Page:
But he’s not doing that. He’s traveling, town to town, place to place, trying to make a meager living while fooling the audience—and this is the point of it. He’s actually fooling you, and you’re applauding being fooled.
This is the same problem I have with people when they’re watching a movie, and then they start crying! And I’m like, “But this really didn’t happen.”
And it’s bizarre watching TV in India, because that same actor could be in four different movies. And you switch a channel and it’s like, (ha,) and he’s there, and kissing another girl, and then running away with another girl—and it’s like, “What’s with this guy?”
But, we get fooled! And we have a propensity to get attracted to something that takes us away from where we truly should be attracted to.
So, distraction is actually another attraction, but it’s taking you away from what you should be attracted to. You should be attracted to your existence. Why? Because it is the most precious thing there is. There’s nothing more precious than being alive. This is one thing that nobody is selling and nobody can buy!
– Prem Rawat
Peace—either you feel it in your life or you don’t feel it in your life. If you feel it in your life, enjoy it! If you don’t feel it in your life, find out how you can get to that peace. And that’s the only area where there is something to say: “How can you get to it?”
And the first step is, what is peace? What is this elusive thing that we are all trying to pursue? Is it an idea? You know, it’s like somebody who makes statues. Maybe they take a pencil and they draw their idea on a piece of paper, but that’s obviously not a statue—it’s just an idea.
And then they take the chisel and a hammer and a piece of marble that is the size of that statue that they want to be, and what do they do? They create a statue. Okay. But what is the process of creating the statue?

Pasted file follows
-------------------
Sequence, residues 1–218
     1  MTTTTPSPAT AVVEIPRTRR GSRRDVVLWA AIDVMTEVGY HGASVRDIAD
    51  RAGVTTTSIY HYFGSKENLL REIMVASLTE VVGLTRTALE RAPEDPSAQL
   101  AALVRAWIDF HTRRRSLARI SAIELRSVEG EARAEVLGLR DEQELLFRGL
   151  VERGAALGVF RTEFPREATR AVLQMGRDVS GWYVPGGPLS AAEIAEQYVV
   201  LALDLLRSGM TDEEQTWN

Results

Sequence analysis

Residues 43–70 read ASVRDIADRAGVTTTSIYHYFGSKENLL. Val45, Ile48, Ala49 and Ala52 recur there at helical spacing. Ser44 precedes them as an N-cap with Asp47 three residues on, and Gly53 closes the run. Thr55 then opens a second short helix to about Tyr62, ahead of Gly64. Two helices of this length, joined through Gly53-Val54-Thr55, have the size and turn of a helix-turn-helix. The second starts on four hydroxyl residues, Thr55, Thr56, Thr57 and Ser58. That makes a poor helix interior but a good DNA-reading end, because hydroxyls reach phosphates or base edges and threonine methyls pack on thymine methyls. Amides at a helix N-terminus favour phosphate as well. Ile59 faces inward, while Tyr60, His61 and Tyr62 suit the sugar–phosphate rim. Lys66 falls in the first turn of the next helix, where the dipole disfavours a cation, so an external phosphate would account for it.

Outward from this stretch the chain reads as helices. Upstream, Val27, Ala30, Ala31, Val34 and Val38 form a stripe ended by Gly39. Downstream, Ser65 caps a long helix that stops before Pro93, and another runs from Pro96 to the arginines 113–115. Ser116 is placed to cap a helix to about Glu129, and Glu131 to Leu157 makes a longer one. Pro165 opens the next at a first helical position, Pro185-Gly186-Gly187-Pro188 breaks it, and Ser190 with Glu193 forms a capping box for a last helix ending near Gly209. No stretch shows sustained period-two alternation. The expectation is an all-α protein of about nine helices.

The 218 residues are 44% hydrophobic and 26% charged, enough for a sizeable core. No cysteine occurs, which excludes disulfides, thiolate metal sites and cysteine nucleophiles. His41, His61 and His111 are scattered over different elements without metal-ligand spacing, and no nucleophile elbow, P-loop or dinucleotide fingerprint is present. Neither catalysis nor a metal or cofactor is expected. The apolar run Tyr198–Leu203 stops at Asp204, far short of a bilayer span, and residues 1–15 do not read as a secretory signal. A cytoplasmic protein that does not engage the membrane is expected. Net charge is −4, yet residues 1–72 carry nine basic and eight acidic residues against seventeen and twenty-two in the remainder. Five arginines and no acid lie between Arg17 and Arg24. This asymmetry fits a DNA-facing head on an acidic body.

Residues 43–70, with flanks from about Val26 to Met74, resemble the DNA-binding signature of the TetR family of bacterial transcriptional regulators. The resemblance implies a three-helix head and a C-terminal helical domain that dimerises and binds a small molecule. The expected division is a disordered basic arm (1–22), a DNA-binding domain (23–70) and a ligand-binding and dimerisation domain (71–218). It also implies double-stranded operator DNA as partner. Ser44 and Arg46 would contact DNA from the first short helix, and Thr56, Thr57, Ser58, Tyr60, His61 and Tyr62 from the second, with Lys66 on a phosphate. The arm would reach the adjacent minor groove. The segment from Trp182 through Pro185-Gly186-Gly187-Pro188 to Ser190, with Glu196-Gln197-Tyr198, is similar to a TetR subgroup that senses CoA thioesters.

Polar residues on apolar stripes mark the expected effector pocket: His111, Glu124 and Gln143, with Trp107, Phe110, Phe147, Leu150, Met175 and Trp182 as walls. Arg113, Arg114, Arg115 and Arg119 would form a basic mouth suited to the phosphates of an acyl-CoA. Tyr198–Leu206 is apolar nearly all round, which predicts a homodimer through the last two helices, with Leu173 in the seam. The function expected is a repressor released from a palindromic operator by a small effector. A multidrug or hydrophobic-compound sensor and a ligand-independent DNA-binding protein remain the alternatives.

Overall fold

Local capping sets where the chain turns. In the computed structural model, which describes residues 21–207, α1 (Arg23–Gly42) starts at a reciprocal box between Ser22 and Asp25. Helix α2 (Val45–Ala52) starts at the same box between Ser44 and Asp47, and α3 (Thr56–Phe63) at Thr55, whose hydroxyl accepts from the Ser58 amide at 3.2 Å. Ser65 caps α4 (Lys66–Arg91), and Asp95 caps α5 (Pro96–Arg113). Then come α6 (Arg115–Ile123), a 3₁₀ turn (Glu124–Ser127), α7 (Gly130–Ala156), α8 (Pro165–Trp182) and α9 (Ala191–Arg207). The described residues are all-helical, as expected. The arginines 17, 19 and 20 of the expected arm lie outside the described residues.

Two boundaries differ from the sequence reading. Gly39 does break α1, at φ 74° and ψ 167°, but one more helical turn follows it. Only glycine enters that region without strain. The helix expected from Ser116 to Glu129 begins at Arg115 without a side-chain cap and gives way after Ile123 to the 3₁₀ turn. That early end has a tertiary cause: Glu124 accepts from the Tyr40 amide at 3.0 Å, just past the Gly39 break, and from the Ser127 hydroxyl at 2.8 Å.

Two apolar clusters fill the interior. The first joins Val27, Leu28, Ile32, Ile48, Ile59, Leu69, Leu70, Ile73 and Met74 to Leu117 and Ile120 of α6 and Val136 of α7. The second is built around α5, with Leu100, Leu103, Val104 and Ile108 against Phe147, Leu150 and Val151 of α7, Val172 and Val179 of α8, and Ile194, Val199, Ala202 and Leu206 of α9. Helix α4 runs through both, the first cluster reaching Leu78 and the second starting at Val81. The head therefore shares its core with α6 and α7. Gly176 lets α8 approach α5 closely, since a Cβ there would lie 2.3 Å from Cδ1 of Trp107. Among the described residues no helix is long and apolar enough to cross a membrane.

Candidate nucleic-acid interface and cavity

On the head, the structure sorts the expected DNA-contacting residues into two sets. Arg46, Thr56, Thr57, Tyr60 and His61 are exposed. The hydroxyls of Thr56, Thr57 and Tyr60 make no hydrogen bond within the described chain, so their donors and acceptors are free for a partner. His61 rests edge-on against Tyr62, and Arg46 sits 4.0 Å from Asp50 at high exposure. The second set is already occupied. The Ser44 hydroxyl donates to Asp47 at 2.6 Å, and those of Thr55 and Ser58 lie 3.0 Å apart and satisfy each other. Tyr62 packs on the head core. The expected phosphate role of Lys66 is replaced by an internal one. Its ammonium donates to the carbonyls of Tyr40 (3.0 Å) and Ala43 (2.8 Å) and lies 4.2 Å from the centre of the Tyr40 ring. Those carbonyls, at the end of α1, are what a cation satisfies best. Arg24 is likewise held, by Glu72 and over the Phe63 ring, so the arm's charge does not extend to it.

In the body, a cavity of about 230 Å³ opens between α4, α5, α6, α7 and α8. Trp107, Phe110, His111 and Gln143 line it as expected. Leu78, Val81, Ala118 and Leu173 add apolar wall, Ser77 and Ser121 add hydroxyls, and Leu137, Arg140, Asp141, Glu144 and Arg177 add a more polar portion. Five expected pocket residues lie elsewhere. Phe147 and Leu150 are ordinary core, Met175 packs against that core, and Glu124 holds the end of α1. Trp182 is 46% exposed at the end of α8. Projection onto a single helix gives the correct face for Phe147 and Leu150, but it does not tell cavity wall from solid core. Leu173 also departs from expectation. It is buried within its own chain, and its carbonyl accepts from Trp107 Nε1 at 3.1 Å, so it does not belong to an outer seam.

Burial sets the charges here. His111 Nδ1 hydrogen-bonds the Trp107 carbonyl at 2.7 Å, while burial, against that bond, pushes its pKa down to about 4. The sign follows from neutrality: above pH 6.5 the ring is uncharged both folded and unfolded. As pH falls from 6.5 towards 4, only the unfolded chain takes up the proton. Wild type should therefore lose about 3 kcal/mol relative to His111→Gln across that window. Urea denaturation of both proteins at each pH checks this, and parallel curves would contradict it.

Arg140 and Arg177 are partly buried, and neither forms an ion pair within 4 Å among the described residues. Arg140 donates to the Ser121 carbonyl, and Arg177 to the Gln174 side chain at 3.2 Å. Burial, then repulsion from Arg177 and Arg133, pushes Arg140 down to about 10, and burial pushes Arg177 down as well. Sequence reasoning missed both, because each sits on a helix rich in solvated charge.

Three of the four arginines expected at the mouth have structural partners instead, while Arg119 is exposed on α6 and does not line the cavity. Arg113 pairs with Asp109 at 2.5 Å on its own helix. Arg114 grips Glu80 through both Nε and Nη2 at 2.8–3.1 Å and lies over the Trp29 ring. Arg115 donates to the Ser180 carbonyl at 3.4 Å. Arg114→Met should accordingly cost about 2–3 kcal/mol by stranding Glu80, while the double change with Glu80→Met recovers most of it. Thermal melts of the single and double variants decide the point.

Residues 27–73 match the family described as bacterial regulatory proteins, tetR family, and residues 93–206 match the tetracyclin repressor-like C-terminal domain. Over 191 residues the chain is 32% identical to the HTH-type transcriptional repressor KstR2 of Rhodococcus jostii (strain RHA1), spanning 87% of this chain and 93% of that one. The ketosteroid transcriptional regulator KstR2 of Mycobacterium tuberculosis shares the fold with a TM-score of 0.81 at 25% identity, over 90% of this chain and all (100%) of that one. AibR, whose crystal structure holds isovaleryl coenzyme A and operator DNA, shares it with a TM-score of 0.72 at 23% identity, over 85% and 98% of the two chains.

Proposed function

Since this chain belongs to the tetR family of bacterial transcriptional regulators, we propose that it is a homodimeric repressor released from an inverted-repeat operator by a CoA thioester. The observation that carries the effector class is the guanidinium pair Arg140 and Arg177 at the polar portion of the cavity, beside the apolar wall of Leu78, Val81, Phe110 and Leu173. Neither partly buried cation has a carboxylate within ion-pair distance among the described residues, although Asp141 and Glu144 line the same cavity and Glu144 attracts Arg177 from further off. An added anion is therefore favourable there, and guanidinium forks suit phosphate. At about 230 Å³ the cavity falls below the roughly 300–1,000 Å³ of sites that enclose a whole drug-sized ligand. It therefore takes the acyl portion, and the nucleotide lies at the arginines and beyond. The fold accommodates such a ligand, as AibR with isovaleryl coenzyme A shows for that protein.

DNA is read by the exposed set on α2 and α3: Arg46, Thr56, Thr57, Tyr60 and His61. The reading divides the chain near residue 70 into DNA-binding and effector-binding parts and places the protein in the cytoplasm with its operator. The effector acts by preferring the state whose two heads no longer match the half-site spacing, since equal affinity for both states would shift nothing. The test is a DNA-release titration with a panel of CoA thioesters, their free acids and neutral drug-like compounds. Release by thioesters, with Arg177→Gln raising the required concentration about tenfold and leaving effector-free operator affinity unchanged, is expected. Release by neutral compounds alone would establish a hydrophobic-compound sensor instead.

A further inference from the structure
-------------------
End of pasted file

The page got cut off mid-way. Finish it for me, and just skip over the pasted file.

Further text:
The process of creating the statue is to remove all the unwanted marble, so that what is left is the true expression of the artist, of what he really feels.
Could it be that peace is no different? That it is removing all those things that do not belong there, leaving only that that the intent of the artist has.The questions that begin to form are, “Is what we are doing what we really want to do?” Because, what has gone away from peace? Why do you not think that the peace is a happening thing?
The individual is missing from the equation of peace. Peace is not social. It’s an individual…it is an individual phenomenon. And this is what has to be understood! That, if we want peace, we have to look at our own thirst, explore our own thirst for that peace.
This is what will drive the drive that is needed to find peace in our lives. And we search—because we, as human beings, we do not want these wars. We, as human beings, do not want this confusion. We, as human beings, don’t want all of this stuff. All we want is the simplicity. All we want, truly, truly, truly….
It’s like that beautiful saying, “Give me a tall ship and a compass to steer by.” That compass…
– Prem Rawat